Intermittent fasting exploded on the scene just a few short years ago and quickly gained popularity among celebrities and other influencers who tout the eating strategy’s long list of purported benefits. It sounds great, but common sense tells us no diet is perfect — nor is it perfect for every person.
Let’s dive into the research to find out what intermittent fasting can do… and if it’s right for you.
What is intermittent fasting and how does it work?
Though commonly referred to as a “diet,” it is, in fact, an eating pattern where by a person cycles through periods or eating and fasting. There are several ways to practice Intermittent Fasting.
1. Limited Eating Window
Often referred to as 16:8 or 18:6, this simply means you fast (don’t eat) for 16 or 18 hours each day followed by an eating window of 8 or 6 hours. You can manipulate the eating window to be whenever you choose.
For example, you can begin your fast after dinner at 7 p.m. on Monday night and continue your fast through the night and into the morning until 11 a.m. when you break your fast with a late breakfast or early lunch.
You can easily shift your eating window to earlier in the day and begin your fast earlier in the evening. The important part is that you stick to the limited eating window, regardless of the time of day.
2. Alternate Day Fasting
Also called 5:2, this pattern involves choosing two non-consecutive days each week to fast while eating a normal calorie intake the other five days of the week.
Fasting in this sense is more like strictly limiting calories. For women it is less than 500 calories on the fasting days — and for men it is less than 600 calories.
An example of this pattern is limiting your calorie intake to two small meals of less than 250-300 calories per meal on Mondays and Thursdays each week.
Eat-Stop-Eat is similar to alternate day fasting, except you avoid ALL calories for a period of 24 hours one to two times per week. This can look like eating your last meal Monday by noon and not eating again until Tuesday at noon.
4. Warrior Fast
Sometimes referred to as OMAD, this is a 20-hour fast that takes place overnight and during the day, with a four-hour eating window.
In this style of fasting, you may begin your fast at 8 p.m. the night before and not begin eating again until 4 p.m. the next day, breaking your fast with a light snack followed by a rather large nutrient-dense dinner before 8 p.m., when you begin fasting again.
With this type of fasting, you can move your eating window to any time during the day that suits you.
If you’re new to Intermittent Fasting, it’s strongly suggested that you begin with a restricted eating window each day and gradually extend your fasting periods. For example, stop eating one hour earlier than usual for one week. Then extend your morning fast by one hour until you find the right 16:8 or 18:6 time frame that fits your lifestyle.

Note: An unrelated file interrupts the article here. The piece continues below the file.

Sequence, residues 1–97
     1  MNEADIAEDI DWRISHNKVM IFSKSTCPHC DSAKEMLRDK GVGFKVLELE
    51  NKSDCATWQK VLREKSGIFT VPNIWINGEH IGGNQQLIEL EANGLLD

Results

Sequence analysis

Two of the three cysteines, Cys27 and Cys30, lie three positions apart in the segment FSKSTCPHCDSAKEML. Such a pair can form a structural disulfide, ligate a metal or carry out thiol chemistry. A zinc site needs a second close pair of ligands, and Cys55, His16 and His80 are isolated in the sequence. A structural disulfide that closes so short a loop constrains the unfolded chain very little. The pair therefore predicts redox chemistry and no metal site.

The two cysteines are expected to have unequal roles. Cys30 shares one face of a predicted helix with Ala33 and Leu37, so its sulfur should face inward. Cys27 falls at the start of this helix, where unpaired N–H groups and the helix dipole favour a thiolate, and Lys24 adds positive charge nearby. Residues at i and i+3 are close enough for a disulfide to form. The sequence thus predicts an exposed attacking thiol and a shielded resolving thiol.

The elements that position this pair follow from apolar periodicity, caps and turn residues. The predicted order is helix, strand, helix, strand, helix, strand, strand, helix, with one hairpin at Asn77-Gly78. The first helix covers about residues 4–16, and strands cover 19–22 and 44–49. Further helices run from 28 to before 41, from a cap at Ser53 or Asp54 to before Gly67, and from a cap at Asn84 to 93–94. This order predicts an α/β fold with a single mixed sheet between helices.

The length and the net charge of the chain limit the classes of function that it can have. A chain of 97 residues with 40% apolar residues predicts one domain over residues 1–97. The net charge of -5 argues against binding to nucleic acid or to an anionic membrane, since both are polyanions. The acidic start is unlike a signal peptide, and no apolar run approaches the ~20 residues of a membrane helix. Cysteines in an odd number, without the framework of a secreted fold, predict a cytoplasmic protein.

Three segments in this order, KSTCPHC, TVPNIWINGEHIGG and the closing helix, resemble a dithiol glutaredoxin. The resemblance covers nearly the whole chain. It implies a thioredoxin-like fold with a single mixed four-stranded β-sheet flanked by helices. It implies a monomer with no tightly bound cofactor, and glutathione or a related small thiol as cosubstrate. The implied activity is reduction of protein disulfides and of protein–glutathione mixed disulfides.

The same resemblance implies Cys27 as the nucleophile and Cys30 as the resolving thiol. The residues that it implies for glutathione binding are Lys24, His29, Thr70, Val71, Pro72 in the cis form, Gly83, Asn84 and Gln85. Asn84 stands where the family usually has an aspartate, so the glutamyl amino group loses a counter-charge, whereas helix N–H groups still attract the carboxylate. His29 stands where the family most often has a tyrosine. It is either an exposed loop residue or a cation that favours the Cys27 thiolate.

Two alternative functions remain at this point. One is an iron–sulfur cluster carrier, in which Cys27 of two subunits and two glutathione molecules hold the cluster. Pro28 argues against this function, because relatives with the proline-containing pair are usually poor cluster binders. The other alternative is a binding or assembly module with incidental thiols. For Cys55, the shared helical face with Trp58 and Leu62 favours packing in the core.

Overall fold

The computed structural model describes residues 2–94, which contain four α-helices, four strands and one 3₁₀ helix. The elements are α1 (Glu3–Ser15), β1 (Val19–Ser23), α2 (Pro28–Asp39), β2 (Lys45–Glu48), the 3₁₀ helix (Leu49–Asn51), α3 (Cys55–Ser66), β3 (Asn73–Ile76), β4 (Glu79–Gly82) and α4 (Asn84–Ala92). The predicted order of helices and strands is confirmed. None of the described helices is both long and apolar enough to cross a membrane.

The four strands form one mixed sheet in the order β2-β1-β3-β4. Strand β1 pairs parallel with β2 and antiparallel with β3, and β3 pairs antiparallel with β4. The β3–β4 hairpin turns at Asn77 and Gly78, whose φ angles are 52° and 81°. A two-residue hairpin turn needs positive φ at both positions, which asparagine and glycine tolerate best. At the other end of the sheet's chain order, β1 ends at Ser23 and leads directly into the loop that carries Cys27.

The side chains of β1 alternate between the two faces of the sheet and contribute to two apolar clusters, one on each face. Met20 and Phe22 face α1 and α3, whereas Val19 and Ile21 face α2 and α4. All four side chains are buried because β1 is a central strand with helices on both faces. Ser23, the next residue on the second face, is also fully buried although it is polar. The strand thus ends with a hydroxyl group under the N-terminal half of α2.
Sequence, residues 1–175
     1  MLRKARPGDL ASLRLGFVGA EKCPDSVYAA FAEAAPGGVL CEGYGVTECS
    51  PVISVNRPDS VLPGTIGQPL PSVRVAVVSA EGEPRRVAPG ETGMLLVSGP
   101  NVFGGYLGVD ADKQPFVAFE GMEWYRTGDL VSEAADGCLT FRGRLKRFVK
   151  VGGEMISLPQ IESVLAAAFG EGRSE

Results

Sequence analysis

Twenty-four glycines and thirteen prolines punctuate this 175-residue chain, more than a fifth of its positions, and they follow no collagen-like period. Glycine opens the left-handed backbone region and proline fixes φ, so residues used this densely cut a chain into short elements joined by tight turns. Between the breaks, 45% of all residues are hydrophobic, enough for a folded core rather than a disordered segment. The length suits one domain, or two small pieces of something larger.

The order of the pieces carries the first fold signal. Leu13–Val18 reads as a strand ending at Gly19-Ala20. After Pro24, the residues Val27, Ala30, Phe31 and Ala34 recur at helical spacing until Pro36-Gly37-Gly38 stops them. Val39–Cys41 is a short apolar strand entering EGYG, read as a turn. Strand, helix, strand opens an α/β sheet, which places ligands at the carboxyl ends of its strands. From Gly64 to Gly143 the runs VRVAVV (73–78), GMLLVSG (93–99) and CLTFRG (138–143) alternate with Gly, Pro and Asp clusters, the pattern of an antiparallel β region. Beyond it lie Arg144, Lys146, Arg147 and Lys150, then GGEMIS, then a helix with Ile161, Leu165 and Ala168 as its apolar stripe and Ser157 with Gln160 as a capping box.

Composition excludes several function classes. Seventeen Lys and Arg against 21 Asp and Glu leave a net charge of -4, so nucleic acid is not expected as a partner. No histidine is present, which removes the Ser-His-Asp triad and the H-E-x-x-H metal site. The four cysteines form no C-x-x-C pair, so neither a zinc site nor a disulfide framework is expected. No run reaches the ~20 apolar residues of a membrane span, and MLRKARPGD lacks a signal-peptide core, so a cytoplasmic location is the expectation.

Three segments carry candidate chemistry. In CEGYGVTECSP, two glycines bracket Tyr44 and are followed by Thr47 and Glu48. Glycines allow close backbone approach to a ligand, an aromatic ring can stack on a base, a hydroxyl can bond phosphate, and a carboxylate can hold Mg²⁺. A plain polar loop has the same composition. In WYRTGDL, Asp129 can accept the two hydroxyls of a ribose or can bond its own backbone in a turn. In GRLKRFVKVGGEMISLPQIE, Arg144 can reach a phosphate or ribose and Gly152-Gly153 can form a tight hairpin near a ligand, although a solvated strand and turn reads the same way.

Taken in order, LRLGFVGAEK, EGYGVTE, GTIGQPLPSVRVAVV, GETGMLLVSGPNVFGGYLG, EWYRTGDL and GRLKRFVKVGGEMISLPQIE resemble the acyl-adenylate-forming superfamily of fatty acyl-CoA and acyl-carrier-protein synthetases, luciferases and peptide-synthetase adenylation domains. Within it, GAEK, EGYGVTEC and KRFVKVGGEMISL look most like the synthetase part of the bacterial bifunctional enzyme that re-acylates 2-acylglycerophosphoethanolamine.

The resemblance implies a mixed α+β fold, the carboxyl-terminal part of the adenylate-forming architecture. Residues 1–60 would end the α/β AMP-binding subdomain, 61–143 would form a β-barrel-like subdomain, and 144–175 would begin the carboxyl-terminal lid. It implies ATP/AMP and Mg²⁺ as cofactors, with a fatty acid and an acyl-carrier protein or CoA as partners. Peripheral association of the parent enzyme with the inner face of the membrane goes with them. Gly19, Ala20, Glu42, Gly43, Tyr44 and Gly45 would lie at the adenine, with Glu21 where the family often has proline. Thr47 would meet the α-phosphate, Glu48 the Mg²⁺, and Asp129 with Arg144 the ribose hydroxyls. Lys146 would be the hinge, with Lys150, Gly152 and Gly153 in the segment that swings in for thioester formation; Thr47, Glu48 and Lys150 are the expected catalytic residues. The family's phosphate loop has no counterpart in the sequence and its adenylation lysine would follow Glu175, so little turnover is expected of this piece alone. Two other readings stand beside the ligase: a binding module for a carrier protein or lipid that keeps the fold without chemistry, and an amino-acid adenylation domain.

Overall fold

No matter which fast you choose, it’s important to eat balanced, nutrient-rich meals during your eating windows and drink plenty of water throughout your fasting period. When your body is properly fueled, it will be able to tolerate fasting periods more easily.
What does scientific evidence show Intermittent Fasting CAN and CAN’T do for you?
The majority of research available on Intermittent Fasting has been conducted in rats. In these studies, rats have lost weight and their metabolic markers — such as blood pressure, cholesterol and blood sugar — have improved.
In clinical trials with humans, Intermittent Fasting has been shown to be safe and effective, but not more effective than any other diet . Some research shows the timing of the fast may be the most important part of the diet’s effectiveness.
Is Intermittent Fasting an effective way to prevent diabetes?
Researchers at the University of Alabama studied a small group of obese men with prediabetes . They compared a form of Intermittent Fasting called early time-restricted fasting (ETRF) — which is a 16:8 fast with an eating window between 7 a.m. and 3 p.m. — to a more typical 12-hour eating window from 7 a.m. to 7 p.m.
Both groups maintained their weight, meaning they did not gain or lose weight. But after five weeks, the ETRF group had dramatically lower insulin levels and significantly improved insulin sensitivity, as well as significantly lower blood pressure. The ETRF group also reported a significantly decreased appetite. Though this group was fasting, the participants were not starving.
What other considerations should be considered before starting Intermittent Fasting?
You should talk to your doctor before beginning Intermittent Fasting, especially if you are taking medications that need to be taken with food at a certain time each day or that can lower your blood sugar.
Intermittent Fasting can be an effective and safe method of improving your health, but jumping into a long fast without properly preparing your body is not recommended.
Ease into fasting and work your way up to longer fasting periods. Be sure to focus on nutrient dense foods that will satisfy you longer — like healthy fats, fiber, vegetables and proteins — during your eating windows.
Want to learn more about surgical and non-surgical weight loss options?
The UT Methodist Physicians Weight Management and Wellness Center provides expert guidance and a holistic, all-encompassing approach to weight loss.
-  Harris, Leanne, et al. (2018 February). Intermittent Fasting Interventions for Treatment of Overweight and Obesity in Adults: a Systematic Review and Meta-Analysis. JBI Evidence Synthesis. insights.ovid.com/crossref?an=01938924-201802000-00016
-  Sutton, Elizabeth, et al. (2018 May, 5). Early Time-Restricted Feeding Improves Insulin Sensitivity, Blood Pressure, and Oxidative Stress Even without Weight Loss in Men with Prediabetes. Cell Metabolism. https://www.sciencedirect.com/science/article/pii/S1550413118302535